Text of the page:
Canadian Association of Physicians for the Environment, CAPE, noise impact wind farms, offshore wind, offshore wind power, onshore wind power development, Ontario, wind farm, wind farm noise, wind farms Ontario, wind power development, wind power generation
For some reason, there is a sudden buzz about offshore wind power in Ontario. Last week, the province put out two Requests for Proposal pertaining to offshore wind power generation. One of them was for a “noise impact” study, which is flawed from the very request because it asks for a proponent to do a literature review only, on audible noise only, and not to do any actual noise measurements, despite the fact that the Wolfe Island wind “farm” could provide very interesting data. As well, none of the studies already done on offshore wind “farms” are likely to deal with freshwater, and the attendant problems such as ice.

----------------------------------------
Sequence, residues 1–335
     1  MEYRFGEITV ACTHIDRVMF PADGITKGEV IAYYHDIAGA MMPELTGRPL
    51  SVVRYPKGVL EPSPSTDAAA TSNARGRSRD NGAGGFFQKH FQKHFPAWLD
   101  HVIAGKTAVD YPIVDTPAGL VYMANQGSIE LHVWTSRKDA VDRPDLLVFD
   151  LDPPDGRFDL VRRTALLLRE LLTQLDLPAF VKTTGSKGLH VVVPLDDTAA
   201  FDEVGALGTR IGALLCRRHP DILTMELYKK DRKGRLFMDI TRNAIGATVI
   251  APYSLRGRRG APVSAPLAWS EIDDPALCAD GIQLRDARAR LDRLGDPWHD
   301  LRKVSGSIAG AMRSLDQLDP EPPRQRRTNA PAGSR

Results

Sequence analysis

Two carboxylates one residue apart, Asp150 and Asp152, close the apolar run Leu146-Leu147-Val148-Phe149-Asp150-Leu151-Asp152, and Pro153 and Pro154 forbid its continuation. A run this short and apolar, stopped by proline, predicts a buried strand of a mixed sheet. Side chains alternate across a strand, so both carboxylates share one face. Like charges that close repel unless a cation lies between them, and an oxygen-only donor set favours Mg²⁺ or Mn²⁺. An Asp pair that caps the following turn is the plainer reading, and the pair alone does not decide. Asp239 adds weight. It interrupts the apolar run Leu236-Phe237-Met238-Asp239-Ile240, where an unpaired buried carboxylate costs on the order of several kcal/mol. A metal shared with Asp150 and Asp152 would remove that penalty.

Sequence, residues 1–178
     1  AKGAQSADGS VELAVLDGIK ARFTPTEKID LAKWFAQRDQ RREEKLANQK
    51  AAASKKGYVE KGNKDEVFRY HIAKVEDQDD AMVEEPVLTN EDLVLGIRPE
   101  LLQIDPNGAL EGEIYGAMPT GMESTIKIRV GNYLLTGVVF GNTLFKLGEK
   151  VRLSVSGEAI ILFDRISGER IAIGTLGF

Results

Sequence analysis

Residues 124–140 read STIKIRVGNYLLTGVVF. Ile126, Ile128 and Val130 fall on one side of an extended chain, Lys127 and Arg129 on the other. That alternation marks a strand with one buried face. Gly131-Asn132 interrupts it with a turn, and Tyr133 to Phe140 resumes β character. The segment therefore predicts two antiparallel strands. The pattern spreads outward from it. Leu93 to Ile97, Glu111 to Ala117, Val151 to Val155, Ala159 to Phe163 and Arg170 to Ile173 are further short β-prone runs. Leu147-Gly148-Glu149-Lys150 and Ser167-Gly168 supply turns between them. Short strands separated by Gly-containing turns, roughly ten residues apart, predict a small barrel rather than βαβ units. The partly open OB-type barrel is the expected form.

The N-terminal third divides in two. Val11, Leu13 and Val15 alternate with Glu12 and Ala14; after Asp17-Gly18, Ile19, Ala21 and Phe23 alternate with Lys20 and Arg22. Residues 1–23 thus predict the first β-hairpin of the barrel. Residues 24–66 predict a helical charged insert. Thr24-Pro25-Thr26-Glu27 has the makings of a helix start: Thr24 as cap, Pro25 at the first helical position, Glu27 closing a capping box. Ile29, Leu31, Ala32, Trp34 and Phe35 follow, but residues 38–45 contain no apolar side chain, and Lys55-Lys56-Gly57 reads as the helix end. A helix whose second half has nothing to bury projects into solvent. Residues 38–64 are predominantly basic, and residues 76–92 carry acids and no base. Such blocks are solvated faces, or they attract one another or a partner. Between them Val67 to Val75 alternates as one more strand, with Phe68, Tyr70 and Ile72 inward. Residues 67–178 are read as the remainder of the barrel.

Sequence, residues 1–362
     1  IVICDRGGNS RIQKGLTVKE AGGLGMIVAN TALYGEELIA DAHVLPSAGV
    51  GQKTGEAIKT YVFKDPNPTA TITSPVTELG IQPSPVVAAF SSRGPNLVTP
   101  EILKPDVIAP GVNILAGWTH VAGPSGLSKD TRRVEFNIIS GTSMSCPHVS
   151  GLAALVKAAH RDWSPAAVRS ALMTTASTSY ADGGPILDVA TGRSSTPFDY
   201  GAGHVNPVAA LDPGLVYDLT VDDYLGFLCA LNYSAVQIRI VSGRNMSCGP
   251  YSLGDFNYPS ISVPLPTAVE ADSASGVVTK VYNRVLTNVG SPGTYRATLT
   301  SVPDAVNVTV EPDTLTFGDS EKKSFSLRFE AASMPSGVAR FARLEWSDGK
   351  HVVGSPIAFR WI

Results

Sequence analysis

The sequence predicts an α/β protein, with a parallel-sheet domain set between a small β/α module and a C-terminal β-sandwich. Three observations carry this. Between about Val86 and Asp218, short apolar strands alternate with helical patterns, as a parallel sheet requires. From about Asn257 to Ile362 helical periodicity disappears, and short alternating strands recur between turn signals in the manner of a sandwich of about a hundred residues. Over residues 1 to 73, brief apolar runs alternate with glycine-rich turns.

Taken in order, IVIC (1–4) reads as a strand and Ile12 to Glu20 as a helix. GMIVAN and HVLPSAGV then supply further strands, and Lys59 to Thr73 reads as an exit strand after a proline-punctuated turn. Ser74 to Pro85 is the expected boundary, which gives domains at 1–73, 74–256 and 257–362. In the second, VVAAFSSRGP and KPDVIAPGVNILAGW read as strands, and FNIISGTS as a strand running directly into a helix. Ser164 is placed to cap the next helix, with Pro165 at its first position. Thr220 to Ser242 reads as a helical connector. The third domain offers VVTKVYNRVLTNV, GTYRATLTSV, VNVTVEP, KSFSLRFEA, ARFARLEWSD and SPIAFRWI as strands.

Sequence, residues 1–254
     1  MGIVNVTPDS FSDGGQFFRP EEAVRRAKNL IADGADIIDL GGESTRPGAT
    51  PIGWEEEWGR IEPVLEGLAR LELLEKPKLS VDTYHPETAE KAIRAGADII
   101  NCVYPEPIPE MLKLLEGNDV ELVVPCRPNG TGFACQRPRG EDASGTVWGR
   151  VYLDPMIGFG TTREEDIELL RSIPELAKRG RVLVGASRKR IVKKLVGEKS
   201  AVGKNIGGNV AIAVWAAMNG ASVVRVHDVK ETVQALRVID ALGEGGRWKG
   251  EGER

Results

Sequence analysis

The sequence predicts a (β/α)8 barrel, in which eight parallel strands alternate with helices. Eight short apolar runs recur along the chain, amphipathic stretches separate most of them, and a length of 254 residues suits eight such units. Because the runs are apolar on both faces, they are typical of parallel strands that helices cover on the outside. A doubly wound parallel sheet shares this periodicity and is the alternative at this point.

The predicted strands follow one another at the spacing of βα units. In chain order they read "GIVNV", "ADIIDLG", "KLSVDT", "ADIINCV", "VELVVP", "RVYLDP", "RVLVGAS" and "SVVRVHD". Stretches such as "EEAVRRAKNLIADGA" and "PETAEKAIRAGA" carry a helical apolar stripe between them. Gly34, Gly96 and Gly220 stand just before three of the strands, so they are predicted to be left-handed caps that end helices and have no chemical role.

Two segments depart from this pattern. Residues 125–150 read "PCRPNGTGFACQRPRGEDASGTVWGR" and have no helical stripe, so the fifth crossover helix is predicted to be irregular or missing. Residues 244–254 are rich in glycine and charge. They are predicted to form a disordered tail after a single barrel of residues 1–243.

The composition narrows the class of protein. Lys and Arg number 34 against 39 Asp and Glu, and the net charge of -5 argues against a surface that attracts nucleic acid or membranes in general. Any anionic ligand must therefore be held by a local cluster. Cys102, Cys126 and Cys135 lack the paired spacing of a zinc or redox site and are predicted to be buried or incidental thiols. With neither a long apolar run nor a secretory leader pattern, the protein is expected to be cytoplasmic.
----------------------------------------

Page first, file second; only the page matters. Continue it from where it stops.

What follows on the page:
This week, the Canadian Physicians for the Environment or CAPE, put out an op-ed to Ontario newspapers, saying they want Canada to not lose opportunities for jobs in clean energy technology, and that “far” offshore wind power development should be explored.
Wind Concerns Ontario was quick to point out two things: first, the push for “far” offshore wind power development is an admission that there are serious problems with onshore wind power development, and second, there still have been no studies done on a cost-benefit analysis, an options analysis, or a true, comprehensive impact analysis for wind power development.
Here is the story from today’s London Free Press on the “far” offshore idea.
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